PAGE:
The Great Recession, which officially lasted from December 2007 to June 2009, began with the bursting of an 8 trillion dollar housing bubble. The resulting loss of wealth led to sharp cutbacks in consumer spending. This loss of consumption, combined with the financial market chaos triggered by the bursting of the bubble, also led to a collapse in business investment. As consumer spending and business investment dried up, massive job loss followed.
In 2008 and 2009, the U.S. labor market lost 8.4 million jobs, or 6.1% of all payroll employment. This was the most dramatic employment contraction (by far) of any recession since the Great Depression. By comparison, in the deep recession that began in 1981, job loss was 3.1%, or only about half as severe.
Even after the economy stopped contracting in the summer of 2009, its growth has not been nearly strong enough to create the jobs needed simply to keep pace with normal population growth, let alone put back to work the backlog of workers who lost their jobs during the collapse. In the post-World War II recessions before the early 1990s, it took an average of 10 months for the economy to regain the jobs it had lost during the recession. But after the early 1990s recession, it took nearly two years, and after the early 2000s recession, it took over three-and-a-half years.
Unfortunately, the recovery from the Great Recession is following the sluggish pattern of these last two recoveries, but likely with an even longer timeline. In October 2010, 16 months after the official end of the recession, the economy still had 5.4% fewer jobs than it did before the recession started. Thus, the Great Recession has brought the worst of both worlds: extraordinarily severe job loss, combined with an extremely sluggish recovery.
The job loss during the Great Recession has meant that family incomes have dropped, poverty has risen, and adults as well as children have lost health insurance. The bursting of the housing bubble and the drop in the stock market has meant that family wealth has dropped dramatically, as well. Rates of prostitution increased dramatically in many cities such as Las Vegas, as it became an income source of last resort for many women. This Review Journal article elaborates on this.
Job loss in the Great Recession was by far the most severe of any recession since WWII. In the two years from December 2007 to December 2009, the labor market shed 6.1% of all payroll employment. By comparison, in the deep recession that began in 1981, job loss, at 3.1%, was about half as severe.
While the peak unemployment rate was slightly higher in the 1981 recession than in the Great Recession, the increase in unemployment associated with the Great Recession was the largest increase in any recession in 70 years.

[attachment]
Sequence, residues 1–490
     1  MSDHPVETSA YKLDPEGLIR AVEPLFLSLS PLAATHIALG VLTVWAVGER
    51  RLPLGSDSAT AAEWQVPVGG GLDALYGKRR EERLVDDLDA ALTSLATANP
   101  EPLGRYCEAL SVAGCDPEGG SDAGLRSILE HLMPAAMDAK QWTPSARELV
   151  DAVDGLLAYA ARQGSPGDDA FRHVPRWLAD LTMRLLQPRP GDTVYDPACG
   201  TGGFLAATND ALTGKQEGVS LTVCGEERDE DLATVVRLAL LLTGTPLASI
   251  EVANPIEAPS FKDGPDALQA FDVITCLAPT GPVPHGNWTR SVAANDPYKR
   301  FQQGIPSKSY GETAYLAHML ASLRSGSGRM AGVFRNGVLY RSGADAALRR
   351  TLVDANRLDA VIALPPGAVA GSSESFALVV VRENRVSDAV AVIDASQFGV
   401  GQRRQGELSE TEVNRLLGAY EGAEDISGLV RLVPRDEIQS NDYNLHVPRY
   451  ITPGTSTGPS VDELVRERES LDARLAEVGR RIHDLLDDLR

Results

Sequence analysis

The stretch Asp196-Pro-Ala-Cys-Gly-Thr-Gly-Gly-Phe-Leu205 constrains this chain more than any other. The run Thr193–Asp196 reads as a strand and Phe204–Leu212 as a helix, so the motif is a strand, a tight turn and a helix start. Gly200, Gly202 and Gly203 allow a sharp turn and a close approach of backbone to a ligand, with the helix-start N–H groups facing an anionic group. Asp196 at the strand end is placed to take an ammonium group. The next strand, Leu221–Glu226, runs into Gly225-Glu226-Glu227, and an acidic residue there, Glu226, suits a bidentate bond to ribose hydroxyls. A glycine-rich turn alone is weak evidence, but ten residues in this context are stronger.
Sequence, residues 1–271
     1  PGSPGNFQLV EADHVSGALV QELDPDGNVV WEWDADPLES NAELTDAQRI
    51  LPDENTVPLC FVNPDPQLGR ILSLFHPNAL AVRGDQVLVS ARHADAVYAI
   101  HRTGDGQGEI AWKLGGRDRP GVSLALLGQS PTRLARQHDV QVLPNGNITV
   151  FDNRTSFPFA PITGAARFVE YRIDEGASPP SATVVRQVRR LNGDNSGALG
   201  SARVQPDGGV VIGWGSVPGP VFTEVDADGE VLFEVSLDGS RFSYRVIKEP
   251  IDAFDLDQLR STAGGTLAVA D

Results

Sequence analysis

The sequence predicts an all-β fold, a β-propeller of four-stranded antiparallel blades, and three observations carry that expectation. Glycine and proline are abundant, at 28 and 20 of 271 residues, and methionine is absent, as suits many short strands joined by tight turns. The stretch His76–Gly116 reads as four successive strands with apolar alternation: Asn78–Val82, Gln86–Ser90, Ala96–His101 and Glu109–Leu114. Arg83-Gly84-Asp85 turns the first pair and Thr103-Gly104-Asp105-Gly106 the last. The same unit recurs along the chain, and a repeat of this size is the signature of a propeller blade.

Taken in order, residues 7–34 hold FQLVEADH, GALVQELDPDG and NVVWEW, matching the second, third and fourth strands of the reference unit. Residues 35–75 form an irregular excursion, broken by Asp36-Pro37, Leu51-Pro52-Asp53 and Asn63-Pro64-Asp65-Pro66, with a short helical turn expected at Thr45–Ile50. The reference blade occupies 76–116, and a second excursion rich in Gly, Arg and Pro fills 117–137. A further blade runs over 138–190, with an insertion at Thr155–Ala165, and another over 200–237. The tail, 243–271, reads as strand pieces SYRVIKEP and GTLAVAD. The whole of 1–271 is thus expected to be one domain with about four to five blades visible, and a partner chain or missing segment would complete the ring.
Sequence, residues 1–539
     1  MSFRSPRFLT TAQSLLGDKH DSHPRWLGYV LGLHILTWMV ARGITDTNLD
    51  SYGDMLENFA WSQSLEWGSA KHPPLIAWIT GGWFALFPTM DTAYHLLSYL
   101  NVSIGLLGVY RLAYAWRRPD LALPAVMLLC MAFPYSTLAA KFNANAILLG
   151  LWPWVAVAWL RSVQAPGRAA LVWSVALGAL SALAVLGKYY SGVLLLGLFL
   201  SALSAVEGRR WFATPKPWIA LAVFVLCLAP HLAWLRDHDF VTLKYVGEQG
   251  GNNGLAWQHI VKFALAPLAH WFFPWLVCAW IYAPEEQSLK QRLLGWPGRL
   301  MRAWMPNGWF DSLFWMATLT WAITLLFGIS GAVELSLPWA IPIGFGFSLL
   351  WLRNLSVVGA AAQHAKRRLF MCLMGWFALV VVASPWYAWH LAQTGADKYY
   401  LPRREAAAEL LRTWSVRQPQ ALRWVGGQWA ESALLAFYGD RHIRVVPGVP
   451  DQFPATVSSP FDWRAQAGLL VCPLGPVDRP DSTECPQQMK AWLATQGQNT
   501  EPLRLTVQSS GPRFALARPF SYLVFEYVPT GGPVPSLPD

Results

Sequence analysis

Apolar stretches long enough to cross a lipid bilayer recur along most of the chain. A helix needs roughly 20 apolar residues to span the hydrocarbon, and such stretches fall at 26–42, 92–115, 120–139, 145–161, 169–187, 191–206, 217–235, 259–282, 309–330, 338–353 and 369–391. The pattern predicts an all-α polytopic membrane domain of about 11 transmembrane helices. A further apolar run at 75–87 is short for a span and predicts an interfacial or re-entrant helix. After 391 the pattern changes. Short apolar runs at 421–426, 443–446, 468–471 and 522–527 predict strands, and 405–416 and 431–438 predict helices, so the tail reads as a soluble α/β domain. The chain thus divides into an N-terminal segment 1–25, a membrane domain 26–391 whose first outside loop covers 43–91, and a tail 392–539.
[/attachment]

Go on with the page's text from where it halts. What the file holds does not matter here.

Racial and ethnic minority workers tend to have much higher unemployment rates than white non-Hispanic workers. For example, the black unemployment rate is generally around twice as high as the white unemployment rate, regardless of whether the economy is in an expansion or a recession. This means that during recessions, black workers experience much larger increases in unemployment.
It is impossible to capture the strength or weakness of something as complicated as the U.S. labor market with one number. Therefore, it is important to look not just at the unemployment rate, but also at a host of measures of labor market health. Around 27 million workers — roughly one out of every six U.S. workers — are either unemployed or underemployed. Importantly, this is a very conservative measure of the total number of underemployed because it does not include workers who have had to take a job that is below their skill or experience level.
The Great Recession has broken all records related to duration of unemployment. The chart below shows the share of the unemployed who have been jobless for more than six months. This share has been over 40% for all of 2010, far above its prior peak of 26% in the summer of 1983. Once workers gets laid off from a job in this labor market, the odds are stacked strongly against them finding another one anytime soon.
Job seekers outnumber job openings by a significant margin—in September 2010, the ratio was 5 to 1. Importantly, this isn’t the number of applicants per job opening—that number is much higher, as one unemployed worker applies for many jobs. The 5-to-1 ratio means that for four out of every five unemployed workers, there literally are no jobs.
That is actually a substantial improvement over late 2009, but it is still far higher than the worst month of the previous recession and over three times as high as in 2007, before the Great Recession started. See this article for more.
The last two recessions have been characterized by very slow labor market recoveries. If job growth is similar to that of the last two recoveries (early 1990s and early 2000s), then the much greater scale of job loss in the Great Recession means it could be well into the next decade before we make up all the jobs lost.
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